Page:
For some, effects were immediately seen (within 24-48 hours) due to the occurence of a systematic destruction of leukocyte blood cells (called apoptosis). That process causes the bad T-cell cells to be suppressed and regulatory T-cells to be introduced.
According to the Cancer Center of Seattle, Washington, 86% of patients with Grade II Acute GVHD recovered, 55% with Grade III and 30% with Grade IV. Complete recovery was seen in 82% of those with skin GVHD, 61% of those with liver and gut GVHD.
At the 4-year mark, 22 of 28 patients had no signs of GVHD. Transplant-related mortality at 4 years for patients with complete remission was 14%; for those without complete remission, it was 73%.
Photopheresis treatments can also result in reduction or discontinuance of steroids, without Acute Graft-versus-Host (aGvHD) flaring.
Other uses of Photopheresis
Photopheresis is used to treat other T-cell diseases, such as cutaneous T-cell Lymphoma, dermatological disorders and organ transplant rejection.
Originally, photopheresis was begun to treat skin GvHD, and it was found that other types of GvHD also improved for some people, while the photopheresis (aka photo) didn't help a relatively few number of people (see statistics above).
My daughter underwent Photopheresis for more than two years, and it was very successful in treating a variety of Chronic Graft-versus-Host (cGvHD) issues, rangingfrom skin (leathery, thick) to eye (required constant drops) and many other issues that weren't even realized because the photo treatments prevented them.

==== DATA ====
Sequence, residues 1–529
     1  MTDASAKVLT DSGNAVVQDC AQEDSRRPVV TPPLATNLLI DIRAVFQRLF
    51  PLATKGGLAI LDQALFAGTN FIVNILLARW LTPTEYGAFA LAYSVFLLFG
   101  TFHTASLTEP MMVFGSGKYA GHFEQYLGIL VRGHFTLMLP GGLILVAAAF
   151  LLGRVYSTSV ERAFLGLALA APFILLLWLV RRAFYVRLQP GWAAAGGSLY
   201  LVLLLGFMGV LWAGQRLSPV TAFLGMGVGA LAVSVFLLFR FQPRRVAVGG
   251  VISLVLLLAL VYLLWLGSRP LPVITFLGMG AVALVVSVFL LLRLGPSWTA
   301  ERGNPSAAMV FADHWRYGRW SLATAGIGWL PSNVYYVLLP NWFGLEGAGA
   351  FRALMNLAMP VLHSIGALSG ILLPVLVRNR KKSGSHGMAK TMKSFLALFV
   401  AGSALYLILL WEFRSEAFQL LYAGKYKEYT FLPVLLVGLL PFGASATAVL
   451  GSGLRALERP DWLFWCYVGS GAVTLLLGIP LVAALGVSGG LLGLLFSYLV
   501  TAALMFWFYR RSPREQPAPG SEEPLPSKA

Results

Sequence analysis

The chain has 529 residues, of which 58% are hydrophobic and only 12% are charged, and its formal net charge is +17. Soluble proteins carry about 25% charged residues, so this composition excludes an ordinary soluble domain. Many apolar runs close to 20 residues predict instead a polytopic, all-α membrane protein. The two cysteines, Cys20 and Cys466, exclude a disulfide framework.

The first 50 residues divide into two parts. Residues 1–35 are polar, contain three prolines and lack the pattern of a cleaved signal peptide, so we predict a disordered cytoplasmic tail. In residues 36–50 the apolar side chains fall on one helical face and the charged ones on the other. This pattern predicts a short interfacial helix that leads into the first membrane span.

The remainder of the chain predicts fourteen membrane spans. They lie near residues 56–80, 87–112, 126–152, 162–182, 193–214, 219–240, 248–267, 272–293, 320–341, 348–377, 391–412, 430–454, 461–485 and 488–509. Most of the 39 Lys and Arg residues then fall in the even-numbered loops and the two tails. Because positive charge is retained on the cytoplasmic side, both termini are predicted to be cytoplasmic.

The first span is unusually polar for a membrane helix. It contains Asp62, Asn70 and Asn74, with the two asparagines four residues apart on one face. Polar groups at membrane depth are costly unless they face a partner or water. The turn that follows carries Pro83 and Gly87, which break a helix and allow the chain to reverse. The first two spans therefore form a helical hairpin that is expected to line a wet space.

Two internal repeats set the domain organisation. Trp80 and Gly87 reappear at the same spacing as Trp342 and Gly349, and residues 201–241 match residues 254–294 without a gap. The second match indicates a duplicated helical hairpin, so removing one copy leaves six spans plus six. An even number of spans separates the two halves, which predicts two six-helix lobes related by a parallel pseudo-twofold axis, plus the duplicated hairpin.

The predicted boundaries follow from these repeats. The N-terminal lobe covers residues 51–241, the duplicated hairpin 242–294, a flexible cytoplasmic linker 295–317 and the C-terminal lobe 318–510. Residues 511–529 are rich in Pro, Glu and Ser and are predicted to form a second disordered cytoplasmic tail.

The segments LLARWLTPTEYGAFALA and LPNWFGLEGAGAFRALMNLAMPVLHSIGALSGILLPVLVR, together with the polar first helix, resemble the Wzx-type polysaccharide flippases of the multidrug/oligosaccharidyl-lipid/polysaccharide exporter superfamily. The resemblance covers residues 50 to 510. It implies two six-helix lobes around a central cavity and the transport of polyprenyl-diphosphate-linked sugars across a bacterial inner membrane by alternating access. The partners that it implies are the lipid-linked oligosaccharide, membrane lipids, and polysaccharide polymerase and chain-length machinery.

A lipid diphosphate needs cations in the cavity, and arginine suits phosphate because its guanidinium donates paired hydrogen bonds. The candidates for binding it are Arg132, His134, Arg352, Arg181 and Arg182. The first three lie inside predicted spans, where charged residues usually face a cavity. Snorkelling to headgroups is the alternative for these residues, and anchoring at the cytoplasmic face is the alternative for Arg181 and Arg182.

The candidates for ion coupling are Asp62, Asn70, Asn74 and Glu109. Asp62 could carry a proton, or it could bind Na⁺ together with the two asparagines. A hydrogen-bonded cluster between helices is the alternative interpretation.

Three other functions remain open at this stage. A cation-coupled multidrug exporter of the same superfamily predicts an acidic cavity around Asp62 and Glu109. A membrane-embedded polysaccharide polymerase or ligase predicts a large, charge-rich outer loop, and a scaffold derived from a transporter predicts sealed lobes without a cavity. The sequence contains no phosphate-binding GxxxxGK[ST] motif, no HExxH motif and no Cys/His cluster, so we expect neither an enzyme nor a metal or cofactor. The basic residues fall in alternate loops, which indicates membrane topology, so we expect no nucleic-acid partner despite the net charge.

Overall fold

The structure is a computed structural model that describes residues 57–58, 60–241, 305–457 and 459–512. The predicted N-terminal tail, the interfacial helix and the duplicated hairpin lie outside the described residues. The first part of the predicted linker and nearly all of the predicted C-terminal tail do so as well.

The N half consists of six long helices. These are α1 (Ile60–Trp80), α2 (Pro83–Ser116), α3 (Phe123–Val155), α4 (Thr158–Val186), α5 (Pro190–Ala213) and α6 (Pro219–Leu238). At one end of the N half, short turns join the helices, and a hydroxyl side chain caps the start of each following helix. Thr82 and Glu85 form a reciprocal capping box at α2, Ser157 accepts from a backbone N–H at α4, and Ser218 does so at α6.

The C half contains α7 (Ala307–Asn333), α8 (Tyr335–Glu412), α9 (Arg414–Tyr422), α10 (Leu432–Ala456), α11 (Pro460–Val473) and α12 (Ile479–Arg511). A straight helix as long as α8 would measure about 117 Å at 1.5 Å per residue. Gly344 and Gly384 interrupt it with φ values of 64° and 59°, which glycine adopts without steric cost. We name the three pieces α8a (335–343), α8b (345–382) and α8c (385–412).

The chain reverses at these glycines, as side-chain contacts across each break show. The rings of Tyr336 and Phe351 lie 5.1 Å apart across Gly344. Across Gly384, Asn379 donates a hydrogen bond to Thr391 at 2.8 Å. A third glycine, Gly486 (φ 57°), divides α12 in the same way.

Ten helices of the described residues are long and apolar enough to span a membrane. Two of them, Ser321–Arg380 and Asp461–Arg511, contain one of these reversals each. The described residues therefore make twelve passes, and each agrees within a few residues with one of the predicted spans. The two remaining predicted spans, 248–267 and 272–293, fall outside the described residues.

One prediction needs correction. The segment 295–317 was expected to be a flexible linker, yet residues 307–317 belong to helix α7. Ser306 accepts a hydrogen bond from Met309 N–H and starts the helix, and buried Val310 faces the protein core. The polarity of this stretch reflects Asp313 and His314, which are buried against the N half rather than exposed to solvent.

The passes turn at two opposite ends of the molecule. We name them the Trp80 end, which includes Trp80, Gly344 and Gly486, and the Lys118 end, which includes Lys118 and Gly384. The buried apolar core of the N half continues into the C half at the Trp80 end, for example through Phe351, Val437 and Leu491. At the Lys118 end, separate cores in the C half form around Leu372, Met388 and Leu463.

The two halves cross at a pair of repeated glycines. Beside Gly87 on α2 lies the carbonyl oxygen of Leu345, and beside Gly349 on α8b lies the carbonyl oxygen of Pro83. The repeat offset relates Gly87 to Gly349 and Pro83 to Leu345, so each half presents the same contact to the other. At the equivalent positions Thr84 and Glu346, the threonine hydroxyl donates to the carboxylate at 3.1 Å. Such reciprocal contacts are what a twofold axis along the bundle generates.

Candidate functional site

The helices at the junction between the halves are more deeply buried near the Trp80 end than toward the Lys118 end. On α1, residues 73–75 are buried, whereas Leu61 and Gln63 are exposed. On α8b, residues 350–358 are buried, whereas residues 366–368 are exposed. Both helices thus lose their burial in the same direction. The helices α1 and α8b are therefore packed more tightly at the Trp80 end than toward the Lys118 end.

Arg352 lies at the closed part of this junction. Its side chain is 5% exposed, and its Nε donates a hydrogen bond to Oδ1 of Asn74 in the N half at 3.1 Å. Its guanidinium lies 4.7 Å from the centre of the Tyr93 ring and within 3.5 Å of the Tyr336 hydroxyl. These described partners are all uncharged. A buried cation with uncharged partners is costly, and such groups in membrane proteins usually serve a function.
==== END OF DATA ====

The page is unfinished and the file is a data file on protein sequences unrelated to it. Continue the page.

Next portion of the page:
Photopheresis, too, differs for different people.
Photopheresis is also used in a variety of other treatments, such as the few listed below. A link is also provided below for you to search in Google Scholar and explore other treatments with Photopheresis.
- This article reveals it was used for Prevention of Rejection in Cardiac Transplantation http://www.nejm.org/doi/full/10.1056/nejm199812103392404#t=article
- Here, it is used to treat T-cell lymphoma, quite a shocking and wonderful study
- Here's a search in Google Scholar (a phenomenally great tool for the public to use to search medical journals and other esoteric publications)
Technical Answers About Photopheresis
We'll defer the more technical aspects of Photopheresis to the more knowledgeable folks, such as Dr. M. Owsianowski, or Dr. Hildegard T. Greinix, and Dr. Fred Hutchinson Cancer Research Center, Seattle, WA as published in the Blood Journal as an excellent source of sound information.
Books - Blankets - Sunglasses
The treatments take a while, so it may help to have a book. Often times, folks are tired during the treatment, and just want to sleep. It seems most folks want to eat at some point. It is boring. Because blood is being taken out of the body and then returned, it often causes one to become chilled, even cold, so having a blanket helps. Even hot blankets can be used to warm you up faster. Patients are cautioned to wear UV-protection on their eyes after a treatment.
Here are some books. Audible is great to listen to books on your phone (and pick them back up where you fell asleep =). Music is great, too.
wear sunglasses after photo
Because of the medication, you will be hypersensitive to UV rays, so you should avoid being in the sun. Additionally, there is an indication that patients are more susceptible to cateracts after photopheresis and, for that reason, should always wear sunglasses after a photopheresis treatment.